A broken ankle can be very painful and vary in severity and complexity, so, care and the treatment approach will be tailored to the specific type of fracture. When dealing with a fractured ankle, it’s important to prioritize your recovery and follow the instructions carefully to prevent further complications.

Your care instructions include things to do and also those you should avoid doing. Following them closely would help you minimize the risk of long-term issues. Make sure you follow them closely. Your doctor or physical therapist will provide updates on your progress as you continue with the treatment and rehab for your fracture. Let’s see some of the things you should avoid doing.

An Xray of foot highlighting broken ankle.

A Broken Ankle – Things to Avoid

As a fractured ankle potentially could lead to further complications, it is important to prevent them by avoiding doing certain things. Find out more about these things to prevent them.

Neglecting prompt treatment

Don’t wait to seek medical treatment if you suspect you have a broken ankle. Seeking care and treatment can help to prevent further damage and promote faster healing. In severe cases, surgery is necessary. Your treatment will depend on how complicated your fracture is.

The duration of treatment can range from several weeks to several months, with ongoing monitoring and adjustments to the treatment plan as needed. It’s important to follow care recommendations closely and to be patient with the healing process.

Rushing recovery

Rest and don’t rush your recovery or try to get back on your feet prematurely. You may end up with more problems and exacerbate your situation. Ignoring pain and swelling and attempting to walk or bear weight on a broken ankle can worsen the injury and delay healing. It’s important to immobilize the ankle.

Pain and swelling are common symptoms of a fractured ankle. Ignoring these symptoms or trying to tough it out can lead to further complications and delayed healing leading to chronic stiffness or other issues.

Also, if your ankle is immobilized with a splint or cast, do not attempt to remove it yourself without medical approval. Improper removal can cause further injury or delay healing.

Avoid engaging in strenuous activities or sports that put pressure on the injured ankle until it has fully healed. Doing so can exacerbate the injury and prolong recovery time.

Neglecting support devices

One critical mistake to avoid with a broken ankle, aside from those outlined in the care instructions, is neglecting to use proper support devices like crutches or a wheelchair to avoid putting weight on the injured ankle prematurely. This can further damage the ankle and impede the healing process.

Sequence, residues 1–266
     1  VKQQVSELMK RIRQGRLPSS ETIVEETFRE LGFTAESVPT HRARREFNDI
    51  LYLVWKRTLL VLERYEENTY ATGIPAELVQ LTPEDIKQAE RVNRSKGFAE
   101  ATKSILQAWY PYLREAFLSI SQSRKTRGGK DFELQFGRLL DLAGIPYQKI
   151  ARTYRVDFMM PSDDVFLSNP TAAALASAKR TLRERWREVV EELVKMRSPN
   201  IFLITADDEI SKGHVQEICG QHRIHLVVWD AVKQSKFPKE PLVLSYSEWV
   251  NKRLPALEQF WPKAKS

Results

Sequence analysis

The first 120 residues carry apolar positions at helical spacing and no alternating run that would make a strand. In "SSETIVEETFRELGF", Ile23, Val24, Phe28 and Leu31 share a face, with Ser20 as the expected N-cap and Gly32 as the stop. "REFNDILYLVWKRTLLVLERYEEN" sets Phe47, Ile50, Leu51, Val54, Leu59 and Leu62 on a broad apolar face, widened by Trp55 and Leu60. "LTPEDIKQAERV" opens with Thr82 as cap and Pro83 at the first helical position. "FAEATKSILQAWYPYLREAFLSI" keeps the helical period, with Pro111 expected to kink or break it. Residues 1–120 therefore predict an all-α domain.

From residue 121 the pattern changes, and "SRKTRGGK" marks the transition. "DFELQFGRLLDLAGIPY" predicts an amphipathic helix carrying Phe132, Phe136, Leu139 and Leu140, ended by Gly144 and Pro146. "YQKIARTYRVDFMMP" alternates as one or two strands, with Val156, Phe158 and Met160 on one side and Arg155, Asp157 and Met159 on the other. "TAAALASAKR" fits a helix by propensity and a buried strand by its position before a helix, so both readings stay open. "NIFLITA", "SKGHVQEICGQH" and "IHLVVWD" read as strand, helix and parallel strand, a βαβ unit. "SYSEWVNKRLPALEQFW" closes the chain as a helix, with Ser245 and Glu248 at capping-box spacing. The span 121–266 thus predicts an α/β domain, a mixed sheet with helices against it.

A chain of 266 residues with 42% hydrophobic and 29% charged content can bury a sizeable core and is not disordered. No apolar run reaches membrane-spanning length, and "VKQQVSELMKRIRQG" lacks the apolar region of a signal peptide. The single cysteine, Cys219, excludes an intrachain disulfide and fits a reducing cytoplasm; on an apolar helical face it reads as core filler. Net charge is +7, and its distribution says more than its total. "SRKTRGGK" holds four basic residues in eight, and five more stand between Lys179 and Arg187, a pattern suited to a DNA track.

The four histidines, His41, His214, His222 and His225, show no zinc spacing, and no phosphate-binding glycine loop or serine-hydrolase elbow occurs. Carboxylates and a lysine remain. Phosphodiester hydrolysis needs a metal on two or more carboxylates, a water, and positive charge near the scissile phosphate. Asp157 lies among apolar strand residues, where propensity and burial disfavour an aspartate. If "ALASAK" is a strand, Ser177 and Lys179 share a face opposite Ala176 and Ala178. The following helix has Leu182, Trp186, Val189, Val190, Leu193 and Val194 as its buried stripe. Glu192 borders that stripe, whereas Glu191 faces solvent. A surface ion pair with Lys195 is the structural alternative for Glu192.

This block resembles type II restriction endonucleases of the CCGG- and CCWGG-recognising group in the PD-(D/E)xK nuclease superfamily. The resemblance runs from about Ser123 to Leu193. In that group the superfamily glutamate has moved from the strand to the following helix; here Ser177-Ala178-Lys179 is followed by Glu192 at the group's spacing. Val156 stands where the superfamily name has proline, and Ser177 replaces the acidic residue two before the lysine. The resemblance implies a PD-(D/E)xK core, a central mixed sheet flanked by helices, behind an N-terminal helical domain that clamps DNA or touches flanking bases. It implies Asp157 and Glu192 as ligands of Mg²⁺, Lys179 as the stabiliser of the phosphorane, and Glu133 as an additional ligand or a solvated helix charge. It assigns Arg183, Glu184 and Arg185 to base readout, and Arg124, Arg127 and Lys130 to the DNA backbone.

Weight on the ankle

Avoid putting any weight on the broken ankle until it has been properly evaluated and treated. Using crutches or a wheelchair may be necessary to avoid further injury. As tough as it can be to do nothing after the breakage and it can take longer, even months, to get fully recovered after a broken ankle, you should never put weight on it before full recovery.

Not elevating the ankle

If you don’t elevate your ankle after an injury above the heart, several potential issues may arise. When you elevate the injured ankle, gravity helps to reduce fluid accumulation in the affected area. Without elevation, swelling may persist or even worsen, causing discomfort and delaying the healing process.

Swelling can impede the body’s natural healing process by inhibiting blood flow and nutrient delivery to the injured area. Delayed healing may prolong recovery time and increase the risk of complications after a broken ankle.

Neglecting rehab

Complications after a fractured ankle is very common and can last for many months. After your treatment, make sure you don’t neglect rehabilitation therapies. Once your ankle has healed sufficiently, it will be important to follow your doctor or physical therapist’s rehabilitation plan. Neglecting rehabilitation therapy exercises can lead to weakness, stiffness, and decreased range of motion in the ankle and other long-term issues.

Rehabilitation is very important following the initial treatment of a broken ankle to fully restore movement and mobility. Without it, issues like persistent pain, inflammation, and weakness may hinder walking and engaging in physical activities.

Physical therapy helps to build muscle strength, improve blood circulation to the injured site, and support effective healing. If you decline to engage in physical therapy, your recovery process may be prolonged.

Also don’t skip your follow-up appointments. Seeing your doctor is important for monitoring your progress and ensuring that your broken ankle is healing properly. Skipping these appointments can result in missed opportunities to address any complications or issues that may arise during the healing process.

This content comprises informative and educational resources only and can not be considered as a substitute for professional health or medical guidance. Reliance on any information provided in this article is solely at your own risk. If you have any inquiries or apprehensions about your medical condition or health goals, talk with a licensed physician or healthcare provider.